Our styles were so different. But at heart, we were the same: fighters who go the distance.
Which is why, ever since the announcement of her death last week, Tina Turner has been much on my mind. Every day since, I have said to my husband, “I miss Tina so much.” I never met the rock icon, but I was on first-name basis with her.
Even though I have never been to a rock concert. And even though, outwardly, we would seem to have nothing in common. I identify as a tailored lady: black-and-white outfits, scarves, never a sequin on me, every hair in place (or that’s the intention). I never wear denim or leather, for the simple reason I look idiotic in it. Italians speak of “carrying” (portare) a style: Denim and leather is not a style I can carry, not without a guffaw.
But Tina could (and then some). She often added a lady-like touch, though: She wore pearls, a short string of pearls. On her, it all went together, magnificently.
But in the context of eternity — which is where, with her death, we have to go — style counts for little. It is character and substance and purpose and courage that count.
All the obituaries of Tina have, of course, cited her break with her abusive first husband Ike Turner, as her impetus to superstardom. Some, though, have focused overly long on those dismal 16 years, and on Tina’s behalf I wince. In the HBO documentary “Tina,” when an interviewer started off about Ike, she responded, with eye-roll, “Oh, we’re going to talk about that again?” No, Tina, we won’t, except to note you bailed with 36 cents and a Mobil credit card in your pocket, and from there you headed for your Renaissance.
I bailed from my first marriage at 8 months. My ex-husband was not abusive, just mean: In that short time it became clear I’d always be back-up, anathema to my unconquerable soul. Tina bailed in 1976, I did in ’72, but in retrospect I’ve likened my flight to freedom as many commenters to her obituaries have: as my “Tina moment.” When I bailed, I had a duplicate key to a girlfriend’s apartment, and from there I headed for my Renaissance.
Which is why I love the term “Renaissance”: It means rebirth.
Tina’s astonishing Renaissance is the proper focus of her life’s journey. It did not come readily nor easily; there were lean years singing in small venues. But, finally, the stars aligned and the elements came together: a new manager and a new arranger, in London, who “got” her. Her rendition of “What’s Love Got to Do With It?” blasted her onto the path to superstardom, in 1984. She was 44 — the age that American pop culture decrees life is over for women. (Maybe that’s why her major recognition came first in Europe?)
With Tina’s guttural rendition, one assumed “What’s Love Got to Do with It?” was aimed at Him-Who-Forevermore-Shall-Go-Unnamed, notably the reference to love as a “secondhand emotion.” I know I assumed it, at first.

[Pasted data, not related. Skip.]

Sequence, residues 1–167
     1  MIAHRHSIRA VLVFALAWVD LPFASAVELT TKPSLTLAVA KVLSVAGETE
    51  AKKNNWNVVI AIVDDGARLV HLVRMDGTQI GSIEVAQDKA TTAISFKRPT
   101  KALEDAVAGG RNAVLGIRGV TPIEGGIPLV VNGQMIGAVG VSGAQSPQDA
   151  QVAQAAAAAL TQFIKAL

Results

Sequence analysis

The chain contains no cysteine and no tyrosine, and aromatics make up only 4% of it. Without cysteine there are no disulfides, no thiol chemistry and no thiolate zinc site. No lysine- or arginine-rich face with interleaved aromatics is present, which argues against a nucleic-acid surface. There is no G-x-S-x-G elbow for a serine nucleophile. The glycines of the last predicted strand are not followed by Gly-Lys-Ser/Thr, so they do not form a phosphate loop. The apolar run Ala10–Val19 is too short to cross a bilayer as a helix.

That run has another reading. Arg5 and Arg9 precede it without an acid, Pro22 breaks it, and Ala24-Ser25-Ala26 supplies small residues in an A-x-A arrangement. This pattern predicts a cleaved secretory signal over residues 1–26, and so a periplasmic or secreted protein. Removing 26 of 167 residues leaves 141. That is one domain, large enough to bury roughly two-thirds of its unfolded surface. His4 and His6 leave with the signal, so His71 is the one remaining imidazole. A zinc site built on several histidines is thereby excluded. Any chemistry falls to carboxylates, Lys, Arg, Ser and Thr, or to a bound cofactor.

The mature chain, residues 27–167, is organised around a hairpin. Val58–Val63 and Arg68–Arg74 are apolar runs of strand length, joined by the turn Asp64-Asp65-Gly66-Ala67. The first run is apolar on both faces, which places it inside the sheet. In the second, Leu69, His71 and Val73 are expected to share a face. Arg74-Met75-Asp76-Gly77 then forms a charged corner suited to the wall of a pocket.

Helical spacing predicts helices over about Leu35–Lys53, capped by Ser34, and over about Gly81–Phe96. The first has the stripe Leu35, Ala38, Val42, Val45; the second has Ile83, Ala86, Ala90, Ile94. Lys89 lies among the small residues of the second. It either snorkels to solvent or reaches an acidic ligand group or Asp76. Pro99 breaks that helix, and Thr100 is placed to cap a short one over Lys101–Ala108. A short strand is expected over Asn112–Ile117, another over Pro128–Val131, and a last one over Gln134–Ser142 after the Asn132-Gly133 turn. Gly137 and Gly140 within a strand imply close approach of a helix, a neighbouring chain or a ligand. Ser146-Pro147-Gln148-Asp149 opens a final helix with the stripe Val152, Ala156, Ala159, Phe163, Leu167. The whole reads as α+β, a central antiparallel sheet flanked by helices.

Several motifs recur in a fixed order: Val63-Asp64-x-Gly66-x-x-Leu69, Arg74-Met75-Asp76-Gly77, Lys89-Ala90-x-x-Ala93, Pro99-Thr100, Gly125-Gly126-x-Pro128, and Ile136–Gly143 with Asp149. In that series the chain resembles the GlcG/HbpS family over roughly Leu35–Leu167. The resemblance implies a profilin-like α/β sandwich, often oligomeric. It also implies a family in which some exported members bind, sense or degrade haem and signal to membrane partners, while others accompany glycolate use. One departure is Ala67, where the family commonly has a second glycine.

But the more I heard the song, the more it was celebrated as anthemic, the more I thought Tina was signaling something more philosophical: Love is important, but it cannot be the end-all-and-be-all — or else if it goes wrong, it can sink a life. There is one’s life-work to attend to, to carry out. Freud said for a happy life, we need both love and work. Tina was focusing on the latter — for women, an important message, properly anthemic. “You go, girl,” I thought; I will, too. Happily, Tina ultimately found Mr. Much Better; I did, too. In 2013 she married German music producer Erwin Bach after 27 years together.
As Tina rose higher in the stratosphere, she carved an indelible image, one that conveyed solidity and, somehow despite the raucous setting, dignity. Who could miss it? Even to those of us far outside the venue, it registered: the no-nonsense command of the stage, the lion-like mane (of course it was a wig, which she carried so naturally). And the pure joy radiating from her — it was plain to see. It’s where we all want to get to: joy in the work, joy in the soul.
So when, in the mid-1990s, I had the honor of helping a man under siege in Sarajevo to keep going, when after a half-dozen phone calls we got personal, Vlado asked, “Who’s your favorite singer?,” I said, “Tina! Tina is my woman.” His response: “Ah yes, Tina.” When we finally met, after he escaped Sarajevo, one of the first things he said to me was, “You are such a lady.” I noted how idiotic I look in denim and leather, then caught myself, “But you look great in it.” At the news of Tina’s death, I emailed Vlado, “Oh no, NOT Tina….”
Finally: At this chaotic moment in America, when we either mature or collapse, Tina left us a message. As an appreciation in The Washington Post notes, in a 1996 interview with “60 Minutes,” she said: “What I find with my homeland is that nothing lasts very long. Europe is different.” Can her homeland solve for the impermanence…?
Rest in peace, Tina. You secured your own Renaissance. You will last.